I order a lot of tinkering supplies direct from China, and this project is no exception. It can take some time for the supplies to arrive that way, but I’ve never had a problem with the quality. With the exception of the one power supply everything is 12V.

From Amazon.com:

Home Depot:

From various AliExpress vendors: (I actually ordered a lot more than I needed for the kitchen here because I’m adding lighting to other areas of the house, too…)

Mounting the LEDs

I cut tiny squares of 1/4″ plywood and screwed the LED channel mounting brackets to them, and then I hot gorilla glued those plywood spacers at the front of the cabinet, directly behind the face frame. This extends them just enough so that the shadow of the face frame falls just outside of the countertop itself and provides a little more opportunity for air cooling. (You can’t just hot glue the LED sticks to the cabinet because the LEDs will just melt the glue. Even with the wood to insulate it, hot glue fixing the bracket to the cabinet failed occasionally.)

Hiding the Wires

The wires are pretty well hidden and they look tidy. For the upper cabinets, the wires usually enter the top cabinet right behind the face frame at one side, travel all the way down through the cabinet fastened to the back of the face frame, and exit at the bottom. There, they enter either one of the 70x45x18 boxes if the zone needs a dimmer, or one of the 50x28x15 boxes if I’m just hiding the connectors.

Reworking the Dimmers

I used the 70x45x18 project boxes when I needed to include any of the dimmer electronics, and basically drilled holes where I needed them based on what wires were present and where they needed to enter for each specific location. The original boxes were pretty big and ugly, and the result is much cleaner.

These photos are for the desk lighting (Zone 7). You should probably be comfortable with a soldering iron before you try this modification, that that’s really easy to do.

Zone 1 – Power Supply Cabinet

This cabinet contains the 12V, 33A power supply, which will be the sole power source for all the LEDs in the kitchen. (The currently installed lighting draws 11.73A with everything on.) This cabinet also contains most of the the dimmer electronics for Zone 2, but not the dimmer knob.

Exiting this cabinet are:

  • three dimmer-controlled 12V wires for each of the three sections of Zone 2
  • one 12V wire leaves goes through the wall and into the lower cabinets in order to power Zones 3 & 4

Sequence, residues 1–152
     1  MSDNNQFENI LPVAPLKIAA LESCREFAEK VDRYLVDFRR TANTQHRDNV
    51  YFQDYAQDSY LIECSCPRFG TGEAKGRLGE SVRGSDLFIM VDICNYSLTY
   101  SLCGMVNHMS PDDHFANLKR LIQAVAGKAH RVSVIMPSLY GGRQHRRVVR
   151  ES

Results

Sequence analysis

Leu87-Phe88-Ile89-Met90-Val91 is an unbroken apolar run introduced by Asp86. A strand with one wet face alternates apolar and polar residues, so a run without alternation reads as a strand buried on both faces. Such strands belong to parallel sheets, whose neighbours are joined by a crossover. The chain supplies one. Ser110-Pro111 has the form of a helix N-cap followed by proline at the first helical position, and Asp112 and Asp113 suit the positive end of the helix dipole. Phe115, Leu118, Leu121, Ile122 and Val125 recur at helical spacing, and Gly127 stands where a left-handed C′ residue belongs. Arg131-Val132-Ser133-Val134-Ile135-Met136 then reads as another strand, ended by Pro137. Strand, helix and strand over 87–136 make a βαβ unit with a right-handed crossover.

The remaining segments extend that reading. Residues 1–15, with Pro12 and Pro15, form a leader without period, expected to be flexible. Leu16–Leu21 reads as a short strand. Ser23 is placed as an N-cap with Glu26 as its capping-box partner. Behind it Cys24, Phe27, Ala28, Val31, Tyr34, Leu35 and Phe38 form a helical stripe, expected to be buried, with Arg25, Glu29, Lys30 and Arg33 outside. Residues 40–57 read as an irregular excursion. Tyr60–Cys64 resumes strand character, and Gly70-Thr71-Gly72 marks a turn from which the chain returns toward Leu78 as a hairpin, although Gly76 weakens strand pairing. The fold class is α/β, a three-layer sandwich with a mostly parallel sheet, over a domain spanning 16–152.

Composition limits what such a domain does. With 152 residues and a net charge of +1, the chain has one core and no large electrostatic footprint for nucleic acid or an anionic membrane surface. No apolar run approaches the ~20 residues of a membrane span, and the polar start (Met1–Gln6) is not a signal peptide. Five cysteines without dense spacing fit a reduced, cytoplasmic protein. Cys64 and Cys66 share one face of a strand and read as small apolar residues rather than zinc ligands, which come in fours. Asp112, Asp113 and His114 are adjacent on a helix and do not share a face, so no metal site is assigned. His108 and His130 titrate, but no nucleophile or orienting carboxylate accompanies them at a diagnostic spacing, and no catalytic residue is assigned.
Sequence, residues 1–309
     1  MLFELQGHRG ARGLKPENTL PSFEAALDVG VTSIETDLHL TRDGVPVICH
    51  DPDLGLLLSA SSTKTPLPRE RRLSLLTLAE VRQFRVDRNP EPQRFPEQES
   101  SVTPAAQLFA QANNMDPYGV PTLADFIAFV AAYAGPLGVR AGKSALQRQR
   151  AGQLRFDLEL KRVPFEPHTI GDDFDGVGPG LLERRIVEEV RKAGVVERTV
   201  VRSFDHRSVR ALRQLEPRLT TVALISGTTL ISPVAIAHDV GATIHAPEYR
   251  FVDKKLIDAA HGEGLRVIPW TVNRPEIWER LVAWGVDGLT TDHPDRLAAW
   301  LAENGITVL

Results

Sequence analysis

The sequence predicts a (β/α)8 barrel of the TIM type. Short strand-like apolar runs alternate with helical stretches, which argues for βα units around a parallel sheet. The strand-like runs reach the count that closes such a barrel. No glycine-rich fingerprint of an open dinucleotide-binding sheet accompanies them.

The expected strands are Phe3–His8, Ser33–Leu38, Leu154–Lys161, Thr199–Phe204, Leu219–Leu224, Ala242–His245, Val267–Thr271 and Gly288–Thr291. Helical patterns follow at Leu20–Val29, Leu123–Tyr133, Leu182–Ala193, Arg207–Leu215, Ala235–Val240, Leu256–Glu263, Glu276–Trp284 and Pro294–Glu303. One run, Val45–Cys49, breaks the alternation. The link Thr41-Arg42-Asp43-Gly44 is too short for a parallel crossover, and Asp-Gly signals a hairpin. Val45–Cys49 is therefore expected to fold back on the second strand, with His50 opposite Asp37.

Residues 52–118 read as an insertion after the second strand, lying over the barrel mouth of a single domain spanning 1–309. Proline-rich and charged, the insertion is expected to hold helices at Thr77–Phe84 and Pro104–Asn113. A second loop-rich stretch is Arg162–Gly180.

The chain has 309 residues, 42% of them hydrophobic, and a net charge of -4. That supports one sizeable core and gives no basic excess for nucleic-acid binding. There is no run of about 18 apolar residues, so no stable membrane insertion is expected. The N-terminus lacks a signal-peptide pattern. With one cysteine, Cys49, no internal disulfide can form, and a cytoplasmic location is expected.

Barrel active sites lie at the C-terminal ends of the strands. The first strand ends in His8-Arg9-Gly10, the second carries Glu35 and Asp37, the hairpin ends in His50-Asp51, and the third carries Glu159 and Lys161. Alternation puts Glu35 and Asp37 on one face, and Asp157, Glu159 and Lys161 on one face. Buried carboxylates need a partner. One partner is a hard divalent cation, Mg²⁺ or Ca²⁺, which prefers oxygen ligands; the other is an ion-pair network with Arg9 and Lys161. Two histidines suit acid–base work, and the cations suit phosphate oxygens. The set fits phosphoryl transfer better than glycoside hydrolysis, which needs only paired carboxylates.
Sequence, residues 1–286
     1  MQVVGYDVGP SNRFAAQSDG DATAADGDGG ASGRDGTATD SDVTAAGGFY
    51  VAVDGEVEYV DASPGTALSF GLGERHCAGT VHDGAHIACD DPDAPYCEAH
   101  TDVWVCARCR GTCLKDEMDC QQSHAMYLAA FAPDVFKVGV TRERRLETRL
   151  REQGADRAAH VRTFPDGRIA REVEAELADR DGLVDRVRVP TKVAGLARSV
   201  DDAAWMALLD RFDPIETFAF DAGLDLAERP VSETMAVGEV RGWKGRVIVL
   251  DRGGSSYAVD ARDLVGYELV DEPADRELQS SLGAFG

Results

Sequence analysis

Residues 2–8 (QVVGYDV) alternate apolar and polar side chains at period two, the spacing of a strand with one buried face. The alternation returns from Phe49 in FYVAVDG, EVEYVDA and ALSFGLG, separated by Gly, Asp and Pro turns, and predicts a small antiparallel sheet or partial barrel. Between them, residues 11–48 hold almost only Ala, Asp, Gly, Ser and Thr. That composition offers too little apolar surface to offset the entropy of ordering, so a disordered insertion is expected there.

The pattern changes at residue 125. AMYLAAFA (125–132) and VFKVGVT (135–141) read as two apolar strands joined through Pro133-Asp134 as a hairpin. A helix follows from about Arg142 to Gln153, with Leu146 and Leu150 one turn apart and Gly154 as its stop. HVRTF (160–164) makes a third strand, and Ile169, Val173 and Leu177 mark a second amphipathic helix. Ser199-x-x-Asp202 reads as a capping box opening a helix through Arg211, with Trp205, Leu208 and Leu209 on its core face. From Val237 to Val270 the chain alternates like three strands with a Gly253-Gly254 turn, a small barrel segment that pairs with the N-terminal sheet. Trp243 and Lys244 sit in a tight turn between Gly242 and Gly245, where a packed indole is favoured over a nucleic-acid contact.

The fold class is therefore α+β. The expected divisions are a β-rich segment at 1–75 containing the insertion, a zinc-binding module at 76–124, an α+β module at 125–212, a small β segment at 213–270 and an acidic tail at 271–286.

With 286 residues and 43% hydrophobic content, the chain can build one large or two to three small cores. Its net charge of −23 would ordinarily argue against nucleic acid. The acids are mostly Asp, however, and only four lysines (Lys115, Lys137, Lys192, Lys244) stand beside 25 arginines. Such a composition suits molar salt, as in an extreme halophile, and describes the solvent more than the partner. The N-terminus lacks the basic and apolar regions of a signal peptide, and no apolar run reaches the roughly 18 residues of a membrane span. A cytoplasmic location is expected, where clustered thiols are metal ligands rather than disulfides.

• three strands of a Cat5 network wire so the dimmer knob can be positioned on the bottom of the corner cabinet. These are very low current wires, and the length does not affect the dimmer functionality.
  • two additional 12V wires go to the different areas of the kitchen defined below (Zones 5 & 6, and 7 & 8).

Zone 2 – Main Kitchen Under-Cabinets

The three network wire strands and the dimmer-controlled 12V wire enter the top of the corner cabinet at the left and exit at the bottom front left. There, they enter one of the 70x45x18 boxes, where the dimmer knob is mounted and the wires are connected. Remember that the dimmer electronics are actually in the power supply cabinet (Zone 1), because this cabinet is the most convenient location to serve the three distinct areas of the zone (left of the microwave, the corner, and right of the sink).

In the box, the 12V line is split to power the 12 segments under Cabinet 2 (on the left), and the 12 total segments for Cabinets 3 & 4 on the right. (When possible feed the power into the middle of a run like this or else you might start to notice that the LEDs at the end of a run are not quite as bright as the others.)

This zone uses a total of 48 segments (four 50cm LED sticks, with one cut into two parts), and draws 5.23A (62.8 watts) when fully on. This is 0.11A/segment.

  • Cabinet 1 (left of microwave): One 12-segment (50cm) U-shaped LED bar with double-row 5730 LEDs
  • Cabinets 2, 3, & 4 (in the corner): One 12-segment bar of the same for Cabinet 2, and then another cut into one 7-segment bar for the corner, and one 5-segment bar on the right
  • Cabinet 5 (right of the sink): Another single 12-segment (50cm) U-shaped LED bar with double-row 5730 LEDs

Zones 3 & 4 – Main Kitchen Base Cabinets

I haven’t installed these yet, apart from running a single 12V wire from the power supply cabinet through the wall, and then entering the back of the drawer cabinet to the right of the oven. It’s capped off there for later use.

Zones 5 & 6: Coffee Station

The un-dimmed 12V wire from the Power Supply Cabinet is split above the cabinet, with one branch enters the cabinet at the top left and going through to the bottom left, and another branch going through the wall to the back of the lower cabinet (where it’s capped off for later installation). The wire for the under cabinet LEDs enters a 70x45x18 box containing a dimmer (both the electronics and the knob), and the dimmer-controlled output that that feeds the LEDs.

Zone 5 uses a total of 21 segments (1.75 50cm LED sticks), and draws 2.36A (28.3 watts) when fully on. This is 0.11A/segment.

  • One 21-segment U-shaped LED bar with double-row 5730 LEDs, made by joining a 12-segment (50cm) bar with three segments cut from another bar.